Ari is a friend of mine and someone who has written for me. He’s a great guy and an even better writer. I’m happy to have inspired him in some small way. I really like the Mick Oberon books.
It's both funny and highly appropriate that I'm writing this "Tell Me" post about HALLOW POINT for Jennifer's web site. See, she doesn't know this—or I guess she does by the time you're reading this, but she didn't before I sent this to her—but in a small way, she's part of the reason that my character of Mick Oberon exists at all.
Real quick, first, for those of you who don't know. Mick Oberon is a PI in Chicago in the 1930s, very much in the model of a Chandler of Mammett protagonist. He's also, however, one of the aes sidhe, and a noble-in-exile from the Seelie Court. The books about him—both the new one, HALLOW POINT, and the first one, called HOT LEAD, COLD IRON—are a mixture of gangland/noir mystery and urban fantasy.
Now, I've been asked before how I came up with Mick, and what I tell people is that he's basically an "Athena character," by which I mean he sprang full-grown from my head one day. And that's true, so far as it goes; he really did just pop to mind. I didn't set out tp envision any such character, nor was I planning to write a noir/fantasy mix. It all just came to me.
But part of the reason it came to me is that I was already thinking about fairy tales. And the reason I was thinking about fairy tales is that I'd just been invited to contribute to an anthology of short stories called HUMAN TALES, a book of "reverse" fairy tales. (That is, where the faeries or other supernatural creatures with the protagonists, and it was the humans who were the monsters or the mysteries.) The story I wound up writing for that book, called "Tithe," had nothing whatsoever to do with Mick Oberon; he wasn't really an appropriate character for what I wanted to do with that project.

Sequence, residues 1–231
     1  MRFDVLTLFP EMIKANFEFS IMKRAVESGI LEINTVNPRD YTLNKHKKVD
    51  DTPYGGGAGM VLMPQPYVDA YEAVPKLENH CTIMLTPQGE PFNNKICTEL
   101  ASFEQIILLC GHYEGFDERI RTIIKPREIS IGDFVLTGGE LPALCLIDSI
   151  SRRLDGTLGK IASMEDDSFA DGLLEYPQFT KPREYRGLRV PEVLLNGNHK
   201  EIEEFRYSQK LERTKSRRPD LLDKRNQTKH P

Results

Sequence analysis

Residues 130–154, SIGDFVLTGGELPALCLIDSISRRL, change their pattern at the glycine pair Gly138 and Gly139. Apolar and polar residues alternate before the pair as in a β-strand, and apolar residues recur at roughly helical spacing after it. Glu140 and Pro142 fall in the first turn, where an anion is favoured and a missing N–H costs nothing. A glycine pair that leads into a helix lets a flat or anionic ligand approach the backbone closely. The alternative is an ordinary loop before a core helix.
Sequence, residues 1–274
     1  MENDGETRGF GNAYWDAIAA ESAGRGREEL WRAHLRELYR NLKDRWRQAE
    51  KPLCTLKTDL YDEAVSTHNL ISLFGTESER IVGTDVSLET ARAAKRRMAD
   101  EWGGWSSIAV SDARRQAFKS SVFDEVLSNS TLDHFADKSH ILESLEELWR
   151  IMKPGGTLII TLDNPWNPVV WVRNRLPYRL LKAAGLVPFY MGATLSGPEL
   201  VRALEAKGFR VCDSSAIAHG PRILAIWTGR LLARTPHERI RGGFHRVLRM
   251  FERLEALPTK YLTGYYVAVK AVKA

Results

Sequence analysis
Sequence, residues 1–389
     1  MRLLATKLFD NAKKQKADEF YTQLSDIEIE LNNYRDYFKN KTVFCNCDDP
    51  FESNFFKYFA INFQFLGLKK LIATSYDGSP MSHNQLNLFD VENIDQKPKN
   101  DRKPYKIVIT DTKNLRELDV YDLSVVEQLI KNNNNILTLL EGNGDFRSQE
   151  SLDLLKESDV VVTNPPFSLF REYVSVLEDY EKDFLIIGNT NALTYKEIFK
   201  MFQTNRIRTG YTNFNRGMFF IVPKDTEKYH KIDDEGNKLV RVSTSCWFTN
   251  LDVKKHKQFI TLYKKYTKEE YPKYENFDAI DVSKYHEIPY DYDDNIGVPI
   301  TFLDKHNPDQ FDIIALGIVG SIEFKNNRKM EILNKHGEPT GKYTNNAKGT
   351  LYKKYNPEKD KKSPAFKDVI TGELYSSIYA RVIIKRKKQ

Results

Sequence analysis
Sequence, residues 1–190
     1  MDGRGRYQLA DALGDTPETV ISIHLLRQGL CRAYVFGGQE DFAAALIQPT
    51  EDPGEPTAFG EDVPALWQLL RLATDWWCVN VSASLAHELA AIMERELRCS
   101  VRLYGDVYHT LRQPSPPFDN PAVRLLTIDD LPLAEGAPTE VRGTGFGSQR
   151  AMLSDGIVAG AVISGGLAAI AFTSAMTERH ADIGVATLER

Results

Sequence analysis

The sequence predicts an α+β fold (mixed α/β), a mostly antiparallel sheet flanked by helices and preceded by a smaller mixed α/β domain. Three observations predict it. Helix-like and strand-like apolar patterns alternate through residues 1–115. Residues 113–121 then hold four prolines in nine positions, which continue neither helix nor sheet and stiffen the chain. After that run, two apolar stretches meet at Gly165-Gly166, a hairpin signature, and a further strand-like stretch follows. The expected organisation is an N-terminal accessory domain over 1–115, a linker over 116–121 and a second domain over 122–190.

He stuck with me, though, and wound up developing into a character and an idea for which I've already written two novels, and hope to write a great many more. It's not quite like anything else I've written, and it's not quite like most of the other urban fantasy out there. These books are their own thing, Mick's his own character, and maybe I'd have come up with him even if I hadn't been contemplating fairy tales that evening. But then again, maybe I wouldn't.
So thanks, Jennifer, for this opportunity to talk to him—and just possibly for spurring me to come up with him in the first place.
Read more Ari at his website: Mouseferatu: Rodents of the Dark.